Hackers submitting faked invoices to local fire districts got at least one payoff, and taught local agencies a lesson in network security.
On Jan. 22, the city of Snoqualmie, which provides information technology services to King County Fire Protection District 45, paid a ransom of $750 to hackers who had taken control and encrypted files on a computer at the fire district. The ransom was required to unlock a computer on the district’s network, which was encrypted Jan. 7, when an employee clicked a link in a fake e-mail message.
The e-mail looked like an invoice from the fire district’s dispatch center, said Fire Chief David Burke. When an employee opened the email and clicked the link, a program started encrypting all the files on that computer.
Burke said the scam email was nearly identical to the real invoices the district receives for dispatch services.
The attack did not affect essential files.
“None of the financials, payroll, none of those things were accessible,” Burke said. “It was more of our daily documents, policies procedures, etc.”
Snoqualmie’s IT department helped the fire district handle the situation. Snoqualmie contacted the FBI which recommended that they pay the ransom. However, the hackers would accept payment only through bitcoin, a decentralized digital currency.
Burke said Snoqualmie IT went to Tacoma to get the money exchanged to bitcoin. Once the ransom was paid, the department received a decryption key and began to retrieve their files.
Both Burke and Snoqualmie Mayor Matt Larson said trying to recreate the files would have taken too much time and effort compared to the relatively small ransom.
“They had importance to the agency, trying to rebuild them would have been a considerably greater expense than paying the ransom,” Larson said.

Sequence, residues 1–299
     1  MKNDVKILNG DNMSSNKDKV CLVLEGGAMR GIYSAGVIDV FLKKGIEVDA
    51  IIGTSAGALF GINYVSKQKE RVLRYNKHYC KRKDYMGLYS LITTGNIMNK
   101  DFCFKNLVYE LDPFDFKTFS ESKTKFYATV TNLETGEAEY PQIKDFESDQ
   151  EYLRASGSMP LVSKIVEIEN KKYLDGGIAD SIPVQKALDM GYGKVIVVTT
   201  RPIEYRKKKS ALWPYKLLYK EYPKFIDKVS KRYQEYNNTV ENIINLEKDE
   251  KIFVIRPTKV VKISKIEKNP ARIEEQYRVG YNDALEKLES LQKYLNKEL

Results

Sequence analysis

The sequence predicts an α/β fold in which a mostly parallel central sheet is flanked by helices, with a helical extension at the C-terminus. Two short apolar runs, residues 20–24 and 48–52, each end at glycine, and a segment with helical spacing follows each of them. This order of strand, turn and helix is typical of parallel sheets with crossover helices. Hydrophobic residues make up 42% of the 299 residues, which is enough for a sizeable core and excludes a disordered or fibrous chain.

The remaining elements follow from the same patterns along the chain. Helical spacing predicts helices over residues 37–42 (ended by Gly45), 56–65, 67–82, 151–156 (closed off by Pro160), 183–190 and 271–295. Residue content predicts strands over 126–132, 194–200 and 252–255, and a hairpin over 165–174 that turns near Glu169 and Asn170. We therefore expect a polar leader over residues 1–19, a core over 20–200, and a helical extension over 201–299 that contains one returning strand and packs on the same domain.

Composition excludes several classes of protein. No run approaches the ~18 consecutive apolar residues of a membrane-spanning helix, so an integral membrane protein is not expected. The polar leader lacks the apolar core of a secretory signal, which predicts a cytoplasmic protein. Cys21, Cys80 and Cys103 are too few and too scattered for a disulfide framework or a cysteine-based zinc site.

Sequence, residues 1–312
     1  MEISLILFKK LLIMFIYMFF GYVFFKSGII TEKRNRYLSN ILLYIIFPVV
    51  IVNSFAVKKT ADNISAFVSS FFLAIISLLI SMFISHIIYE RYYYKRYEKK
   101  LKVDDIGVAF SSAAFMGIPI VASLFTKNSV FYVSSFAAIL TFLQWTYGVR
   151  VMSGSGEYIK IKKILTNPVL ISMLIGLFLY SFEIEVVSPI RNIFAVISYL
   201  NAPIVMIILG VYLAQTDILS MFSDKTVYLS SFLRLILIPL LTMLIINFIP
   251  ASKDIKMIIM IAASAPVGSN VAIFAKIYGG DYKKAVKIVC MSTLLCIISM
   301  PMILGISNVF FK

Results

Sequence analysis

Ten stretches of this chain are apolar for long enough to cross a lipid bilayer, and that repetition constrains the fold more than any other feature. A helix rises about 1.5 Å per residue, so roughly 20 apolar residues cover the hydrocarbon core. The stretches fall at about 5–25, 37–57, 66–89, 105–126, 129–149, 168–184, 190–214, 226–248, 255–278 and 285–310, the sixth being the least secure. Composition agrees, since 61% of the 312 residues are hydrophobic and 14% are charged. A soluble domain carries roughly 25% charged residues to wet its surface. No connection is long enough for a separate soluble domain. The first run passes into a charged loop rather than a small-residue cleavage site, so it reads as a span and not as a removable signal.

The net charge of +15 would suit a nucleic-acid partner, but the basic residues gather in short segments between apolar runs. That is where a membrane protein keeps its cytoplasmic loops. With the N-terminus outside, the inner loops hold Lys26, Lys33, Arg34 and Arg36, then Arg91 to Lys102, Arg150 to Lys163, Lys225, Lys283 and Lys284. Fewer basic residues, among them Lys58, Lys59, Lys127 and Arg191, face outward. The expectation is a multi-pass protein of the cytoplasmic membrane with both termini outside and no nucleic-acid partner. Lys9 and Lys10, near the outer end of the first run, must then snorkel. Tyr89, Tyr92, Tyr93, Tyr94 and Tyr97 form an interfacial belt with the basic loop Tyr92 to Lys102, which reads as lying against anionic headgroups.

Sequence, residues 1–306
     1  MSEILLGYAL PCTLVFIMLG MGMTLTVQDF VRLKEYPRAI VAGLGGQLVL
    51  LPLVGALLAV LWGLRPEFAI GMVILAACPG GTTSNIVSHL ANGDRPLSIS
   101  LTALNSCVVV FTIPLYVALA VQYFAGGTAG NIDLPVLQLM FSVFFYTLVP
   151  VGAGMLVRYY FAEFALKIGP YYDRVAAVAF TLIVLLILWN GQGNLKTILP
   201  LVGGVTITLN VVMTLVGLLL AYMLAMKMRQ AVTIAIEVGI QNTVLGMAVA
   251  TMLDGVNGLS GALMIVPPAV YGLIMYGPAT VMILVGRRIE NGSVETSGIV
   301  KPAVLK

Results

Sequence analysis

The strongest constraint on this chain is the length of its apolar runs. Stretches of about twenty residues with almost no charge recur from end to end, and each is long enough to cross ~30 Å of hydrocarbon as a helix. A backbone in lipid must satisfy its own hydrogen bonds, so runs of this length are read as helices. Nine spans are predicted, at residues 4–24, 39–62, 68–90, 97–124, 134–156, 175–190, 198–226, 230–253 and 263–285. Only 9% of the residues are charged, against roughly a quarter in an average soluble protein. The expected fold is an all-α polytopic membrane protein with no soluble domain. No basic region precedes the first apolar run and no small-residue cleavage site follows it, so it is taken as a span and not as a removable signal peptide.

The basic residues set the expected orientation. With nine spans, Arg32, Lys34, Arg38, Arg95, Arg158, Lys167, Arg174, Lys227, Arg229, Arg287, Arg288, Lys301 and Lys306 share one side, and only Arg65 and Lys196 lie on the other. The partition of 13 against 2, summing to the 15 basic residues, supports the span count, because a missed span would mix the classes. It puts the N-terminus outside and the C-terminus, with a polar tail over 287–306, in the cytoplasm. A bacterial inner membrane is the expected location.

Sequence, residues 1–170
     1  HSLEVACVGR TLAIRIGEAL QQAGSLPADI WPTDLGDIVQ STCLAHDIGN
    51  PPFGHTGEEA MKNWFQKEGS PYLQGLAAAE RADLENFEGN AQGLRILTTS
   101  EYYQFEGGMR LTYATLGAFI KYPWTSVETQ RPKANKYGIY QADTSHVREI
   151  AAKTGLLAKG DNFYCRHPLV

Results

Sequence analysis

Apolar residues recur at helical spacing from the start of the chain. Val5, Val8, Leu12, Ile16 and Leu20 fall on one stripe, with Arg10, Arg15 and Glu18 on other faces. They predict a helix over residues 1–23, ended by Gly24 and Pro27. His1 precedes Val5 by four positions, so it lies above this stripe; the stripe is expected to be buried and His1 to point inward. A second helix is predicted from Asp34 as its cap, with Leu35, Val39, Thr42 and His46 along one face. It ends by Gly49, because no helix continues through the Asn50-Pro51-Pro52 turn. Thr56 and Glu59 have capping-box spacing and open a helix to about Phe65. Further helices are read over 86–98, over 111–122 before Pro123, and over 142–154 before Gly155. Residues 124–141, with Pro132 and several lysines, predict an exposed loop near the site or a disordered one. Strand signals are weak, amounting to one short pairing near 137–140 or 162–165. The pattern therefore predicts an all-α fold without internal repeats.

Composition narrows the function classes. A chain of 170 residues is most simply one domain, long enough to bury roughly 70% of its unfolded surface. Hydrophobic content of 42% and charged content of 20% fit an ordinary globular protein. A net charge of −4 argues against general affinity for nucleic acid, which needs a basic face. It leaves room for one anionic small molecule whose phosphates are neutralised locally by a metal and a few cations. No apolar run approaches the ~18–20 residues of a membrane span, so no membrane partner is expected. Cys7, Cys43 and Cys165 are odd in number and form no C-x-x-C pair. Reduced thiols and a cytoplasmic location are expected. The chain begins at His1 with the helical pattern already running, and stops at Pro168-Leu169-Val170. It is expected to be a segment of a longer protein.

Typically, Burke said, a backup system would have prevented the need to pay a ransom, but the fire district was in the process of modernizing their systems and backups had not been implemented yet.
“If our backup had been in place we would have been inconvenienced half a day or less,” he said. “The city of Snoqualmie stepped up and took care of everything and paid the decryption code. Snoqualmie went heads and shoulders above what our expectations were, they honored their part of the contract and more.”
With their files back, the fire district has a backup system up and running and is doing more training on Internet safety with employees. According to Burke, neighboring fire departments were also targeted, possibly through a mailing list containing information on the various fire chiefs in the region.
“The agency serves a lot of fire departments in the area and all of them got it. The email distribution for fire chiefs was compromised. Some of them caught it and were able to back up. Some of them handled it in house,” Burke said. “As soon as it started they were able to shut it down and restore it within a couple of hours.”
Burke doesn’t believe that the dispatch service was compromised and said the hackers could have gotten their information from any of the agencies working with the service.
After this incident the service has changed the formatting of invoices and moved to a PDF format.
“We have taken care of training and taking invoices in a new way,” Burke said. “We’ve done everything we believe we can, but the education will continue that we will give to all of our personnel.”